UP Catholic 10 07 2016 E Edition Page 14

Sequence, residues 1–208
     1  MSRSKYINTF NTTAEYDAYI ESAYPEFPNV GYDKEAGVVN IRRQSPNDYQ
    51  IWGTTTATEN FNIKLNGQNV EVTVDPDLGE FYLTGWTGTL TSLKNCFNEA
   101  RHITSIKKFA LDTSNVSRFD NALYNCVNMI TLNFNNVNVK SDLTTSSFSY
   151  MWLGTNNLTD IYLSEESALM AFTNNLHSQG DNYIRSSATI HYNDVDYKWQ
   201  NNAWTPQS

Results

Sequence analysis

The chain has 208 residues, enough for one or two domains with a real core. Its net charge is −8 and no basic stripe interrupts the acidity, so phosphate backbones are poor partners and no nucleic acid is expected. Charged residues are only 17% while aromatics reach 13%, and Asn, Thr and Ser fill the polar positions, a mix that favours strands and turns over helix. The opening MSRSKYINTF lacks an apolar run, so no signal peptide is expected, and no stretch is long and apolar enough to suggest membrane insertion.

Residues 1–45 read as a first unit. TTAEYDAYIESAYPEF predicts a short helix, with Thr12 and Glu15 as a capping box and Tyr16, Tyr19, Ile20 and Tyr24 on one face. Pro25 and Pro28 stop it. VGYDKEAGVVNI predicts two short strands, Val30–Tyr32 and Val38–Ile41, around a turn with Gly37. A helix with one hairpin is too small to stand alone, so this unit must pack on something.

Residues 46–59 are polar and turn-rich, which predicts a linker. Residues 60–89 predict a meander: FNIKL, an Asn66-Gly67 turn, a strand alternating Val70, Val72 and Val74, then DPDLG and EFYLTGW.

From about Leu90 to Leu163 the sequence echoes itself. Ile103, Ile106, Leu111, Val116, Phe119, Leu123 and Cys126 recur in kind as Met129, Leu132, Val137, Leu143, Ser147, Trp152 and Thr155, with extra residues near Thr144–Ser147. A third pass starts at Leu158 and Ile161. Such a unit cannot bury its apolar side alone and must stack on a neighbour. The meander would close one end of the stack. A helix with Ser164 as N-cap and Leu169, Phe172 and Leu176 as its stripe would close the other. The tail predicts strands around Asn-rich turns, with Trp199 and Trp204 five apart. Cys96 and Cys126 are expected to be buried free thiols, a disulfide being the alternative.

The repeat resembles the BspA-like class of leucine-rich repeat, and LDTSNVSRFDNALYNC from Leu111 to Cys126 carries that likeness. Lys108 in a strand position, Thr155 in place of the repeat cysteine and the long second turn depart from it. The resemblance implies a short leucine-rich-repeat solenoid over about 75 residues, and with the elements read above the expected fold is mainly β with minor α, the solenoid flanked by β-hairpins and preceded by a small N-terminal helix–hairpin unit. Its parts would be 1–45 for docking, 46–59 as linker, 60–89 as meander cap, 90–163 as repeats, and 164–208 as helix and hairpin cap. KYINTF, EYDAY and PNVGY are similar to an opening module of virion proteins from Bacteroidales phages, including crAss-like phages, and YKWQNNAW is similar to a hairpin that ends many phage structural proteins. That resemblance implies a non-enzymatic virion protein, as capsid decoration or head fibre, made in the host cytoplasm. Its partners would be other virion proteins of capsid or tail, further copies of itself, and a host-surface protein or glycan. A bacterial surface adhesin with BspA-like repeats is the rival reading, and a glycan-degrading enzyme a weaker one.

14 October 7, 2016 THE U.P. CATHOLIC www.upcatholic.org A Statement from Arch- bishop William E. Lori of Baltimore, chairman of the USCCB's Ad Hoc Committee for Religious Liberty For the current chairman of the United States Commis- sion on Civil Rights (USCCR), religious liberty is reduced to nothing except hypocrisy, and religion is being used as a weapon by those seeking to deny others equality. He makes the shocking sugges- tion that Catholic, evangelical, orthodox Jewish, Mormon, and Muslim communities are comparable to fringe segrega- tionists from the civil rights era. These statements painting those who support religious freedom with the broad brush of bigotry are reckless and reveal a profound disregard for the religious foundations of his own work. People of faith have often been the ones to carry the full promise of America to the most forgotten peripheries when other segments of soci- ety judged it too costly. Men and women of faith were many in number during the most powerful marches of the civil rights era. Can we imagine the civil rights movement with- out Rev. Martin Luther King, Father Theodore Hesburgh, and Rabbi Abraham Joshua Heschel? In places like St. Louis, Catholic schools were integrated seven years before the Supreme Court decision in Brown v. Board of Education. Jesus taught us to serve and not to count the cost. Our record is not perfect. We could have always done more. Nevertheless, we have long taught that the one God, mak- er of heaven and earth, calls each and every individual into being, loves every individual, and commands believers to love and show mercy to every individual. The idea of equal- ity, which the chairman treats as a kind of talisman, is incom- prehensible apart from the very faith that he seeks to cut off from mainstream society. Today, Catholic priests, re- ligious and laity can be found walking the neighborhood streets of our most strug- gling communities in places abandoned by a throwaway culture that has too often determined that quick profits matter more than commu- nities. We are there offering education, health care, social services, and hope, working to serve as the field hospital Pope Francis has called us to be. We wish we were there in even greater numbers, but we are there to humbly offer the full promise of America to all. Rest assured, if people of faith continue to be marginalized, it is the poor and vulnerable, not the chairman and his friends, who will suffer. Catholic social service work- ers, volunteers and pastors don't count the cost in financial terms or even in personal safe- ty. But, we must count the cost to our own faith and morality. We do not seek to impose our morality on anyone, but nei- ther can we sacrifice it in our own lives and work. The vast majority of those who speak up for religious liberty are merely asking for the freedom to serve others as our faith asks of us. We ask that the work of our institutions be carried out by people who believe in our mis- sion and respect a Christian witness. This is no different from a tobacco control orga- nization not wishing to hire an advocate for smoking or a civil rights organization not wanting to hire someone with a history of racism or an animal rights group wishing to hire only vegetarians. In a pluralistic society, there will be institutions with views at odds with popular opinion. The chairmans statement suggests that the USCCR does not see the United States as a pluralistic society. We respect those who disagree with what we teach. Can they respect us? We advocate for the dignity of all persons, a dignity that includes a life free from vio- lence and persecution and that includes fair access to good jobs and safe housing. People of faith are a source of Amer- ican strength. An inclusive and religiously diverse society should make room for them. Archbishop Lori comments on religious liberty Marquette nuns test-wear redesigned habits 50 & 25 YEARS AGO BY LARRY CHABOT FROM OUR SUNDAY VISITOR OCTOBER, 1966 Former diocesan priest, Father Edmund Szoka, was named chaplain of the Michigan Daughters of Isabella. (Ed- itor's note: In the Diocese of Marquette he was pastor of St. Francis de Sales Parish in Manistique, pastor of St. Pius X Parish in Ishpeming and pastor of St. Christopher Parish in Marquette before becoming the first bishop of the Diocese of Gaylord in 1971, Archbishop of Detroit in 1981, a cardinal in 1988, president of the Prefecture for the Economic Affairs of the Holy See in 1990 and president of the Pontifical Commission for Vatican City in 1997) What's new: Marquette nuns were test-wearing redesigned habits for their St. Joseph of Carondelet order. A new record? 201 parishioners were confirmed at Manistique's St. Francis de Sales Parish. FROM THE U.P. CATHOLIC OCTOBER, 1991 Cliffand Shirley Fitzpatrick opened Sacred Heart Religious Goods store in Marquette. The anti-Catholic movie, "The Pope Must Die" flopped at the box office, even after "die" was changed to "diet." U.P. schools joined a national campaign to stress the values-added feature of Catholic education.

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